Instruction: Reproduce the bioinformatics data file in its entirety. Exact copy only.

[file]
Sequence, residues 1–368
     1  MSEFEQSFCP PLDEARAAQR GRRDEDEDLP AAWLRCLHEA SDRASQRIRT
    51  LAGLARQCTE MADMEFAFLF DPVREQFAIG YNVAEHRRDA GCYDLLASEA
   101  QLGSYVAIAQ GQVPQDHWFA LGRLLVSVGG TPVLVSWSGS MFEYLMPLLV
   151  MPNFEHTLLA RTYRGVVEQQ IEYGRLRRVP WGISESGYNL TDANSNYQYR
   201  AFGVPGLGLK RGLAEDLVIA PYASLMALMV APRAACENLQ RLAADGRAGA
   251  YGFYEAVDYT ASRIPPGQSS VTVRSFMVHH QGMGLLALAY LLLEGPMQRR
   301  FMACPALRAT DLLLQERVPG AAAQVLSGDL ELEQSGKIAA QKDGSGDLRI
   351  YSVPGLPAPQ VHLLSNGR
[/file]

Sequence, residues 1–368
     1  MSEFEQSFCP PLDEARAAQR GRRDEDEDLP AAWLRCLHEA SDRASQRIRT
    51  LAGLARQCTE MADMEFAFLF DPVREQFAIG YNVAEHRRDA GCYDLLASEA
   101  QLGSYVAIAQ GQVPQDHWFA LGRLLVSVGG TPVLVSWSGS MFEYLMPLLV
   151  MPNFEHTLLA RTYRGVVEQQ IEYGRLRRVP WGISESGYNL TDANSNYQYR
   201  AFGVPGLGLK RGLAEDLVIA PYASLMALMV APRAACENLQ RLAADGRAGA
   251  YGFYEAVDYT ASRIPPGQSS VTVRSFMVHH QGMGLLALAY LLLEGPMQRR
   301  FMACPALRAT DLLLQERVPG AAAQVLSGDL ELEQSGKIAA QKDGSGDLRI
   351  YSVPGLPAPQ VHLLSNGR